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What will happen to the Crown Estate in an independent Scotland?

The Crown Estate is currently administered by a UK body, the Crown Estate Commissioners, and the revenues flow to the UK Treasury. In an independent Scotland, the current Scottish Government plans that the assets of the Crown Estate better support local economic development and provide wider community benefit in Scotland. The current Scottish Government proposes to review the management of the Crown Estate and will consult on arrangements to enhance local control of assets including greater autonomy for the islands and ownership of the foreshore and local harbours. We plan to introduce community benefit associated with Scotland’s offshore renewable resource. This will deliver a direct benefit for communities across Scotland of at least half of the seabed leasing revenues and more in the islands.

Source: Scotland's Future, Scottish Government, November 2013.

How will independence affect the support that Scottish farmers receive under Europe’s Common Agriculture Policy (CAP)?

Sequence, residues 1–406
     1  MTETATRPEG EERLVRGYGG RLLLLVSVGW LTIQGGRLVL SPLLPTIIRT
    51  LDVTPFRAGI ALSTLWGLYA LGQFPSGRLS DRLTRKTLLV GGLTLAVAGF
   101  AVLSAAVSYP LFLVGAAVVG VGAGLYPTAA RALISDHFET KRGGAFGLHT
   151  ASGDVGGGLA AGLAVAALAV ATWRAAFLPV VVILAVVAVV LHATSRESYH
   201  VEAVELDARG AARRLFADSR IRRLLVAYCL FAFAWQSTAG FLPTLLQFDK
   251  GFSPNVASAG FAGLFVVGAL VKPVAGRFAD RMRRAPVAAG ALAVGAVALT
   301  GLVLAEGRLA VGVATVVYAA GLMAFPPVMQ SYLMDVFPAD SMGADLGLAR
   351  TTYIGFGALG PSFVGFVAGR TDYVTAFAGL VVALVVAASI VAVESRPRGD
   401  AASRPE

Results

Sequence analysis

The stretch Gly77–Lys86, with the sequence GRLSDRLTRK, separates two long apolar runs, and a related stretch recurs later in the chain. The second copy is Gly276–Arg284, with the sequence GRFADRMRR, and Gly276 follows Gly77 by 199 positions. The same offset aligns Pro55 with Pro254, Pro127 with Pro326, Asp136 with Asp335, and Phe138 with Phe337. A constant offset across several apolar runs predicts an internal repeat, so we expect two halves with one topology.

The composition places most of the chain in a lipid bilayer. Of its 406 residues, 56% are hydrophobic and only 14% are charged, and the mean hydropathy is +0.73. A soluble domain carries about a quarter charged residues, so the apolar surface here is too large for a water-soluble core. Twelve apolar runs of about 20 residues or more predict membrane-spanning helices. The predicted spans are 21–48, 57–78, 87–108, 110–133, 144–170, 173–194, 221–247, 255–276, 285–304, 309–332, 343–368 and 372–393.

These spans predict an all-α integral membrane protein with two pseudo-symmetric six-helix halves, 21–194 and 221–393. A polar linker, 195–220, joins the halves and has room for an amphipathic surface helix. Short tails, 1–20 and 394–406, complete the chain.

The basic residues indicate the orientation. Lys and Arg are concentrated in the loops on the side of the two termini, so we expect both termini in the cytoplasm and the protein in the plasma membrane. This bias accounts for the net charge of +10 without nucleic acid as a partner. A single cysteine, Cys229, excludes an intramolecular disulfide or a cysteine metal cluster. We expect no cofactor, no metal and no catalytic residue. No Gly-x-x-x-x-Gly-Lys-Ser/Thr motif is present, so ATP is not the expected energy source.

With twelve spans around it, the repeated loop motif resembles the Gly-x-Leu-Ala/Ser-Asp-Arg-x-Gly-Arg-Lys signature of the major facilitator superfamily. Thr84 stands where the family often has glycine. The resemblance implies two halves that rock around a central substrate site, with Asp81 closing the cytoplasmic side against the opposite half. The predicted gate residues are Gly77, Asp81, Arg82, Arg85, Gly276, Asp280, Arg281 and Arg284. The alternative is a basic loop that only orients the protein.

As part of the UK, Scotland’s farmers receive the third lowest direct payment per hectare in the European Union. Independent member states have benefitted from the European Union’s principle that no member state should receive less than the minimum EU average payment rate of €196 per hectare. Had Scotland been an independent member state when the latest CAP round was agreed, this principle would have meant gaining an additional €1 billion of support between 2014 and 2020.

The following table shows how Scotland compares with EU member states before and after the recent CAP negotiations.

 

Table 1: Annual CAP Pillar 1 - Direct Payments per hectare - existing legislation and allocation for 2019.

Member State

Direct Payments
(Existing Legislation)
Per Hectare

2019 Direct Payments
Per Hectare

Malta €696 €640
Netherlands €457 €403
Belgium €435 €386
Italy €404 €363
Greece €384 €350
Cyprus €372 €338
Denmark €363 €332
Slovenia €325 €302
Germany €319 €298
France €296 €281
Luxembourg €275 €269
Ireland €271 €261
Austria €262 €253
Hungary €260 €251
Czech Republic €257 €249
Spain €229 €233
Finland €237 €230
Sweden €235 €229
Bulgaria €233 €228
United Kingdom €229 €225
Poland €215 €216
Slovakia €206 €210
Portugal €194 €205
Estonia €117 €196
Latvia €95 €196
Lithuania €144 €196
Romania €183 €196
Scotland €130 €128

 

Source: Scotland's Future, Scottish Government, November 2013.

How will independence affect support for rural development that businesses and communities receive through the CAP?

As part of the UK, Scotland currently receives the lowest level of rural development funding in Europe. This is because the Westminster Government does not prioritise this support in its negotiations with Europe.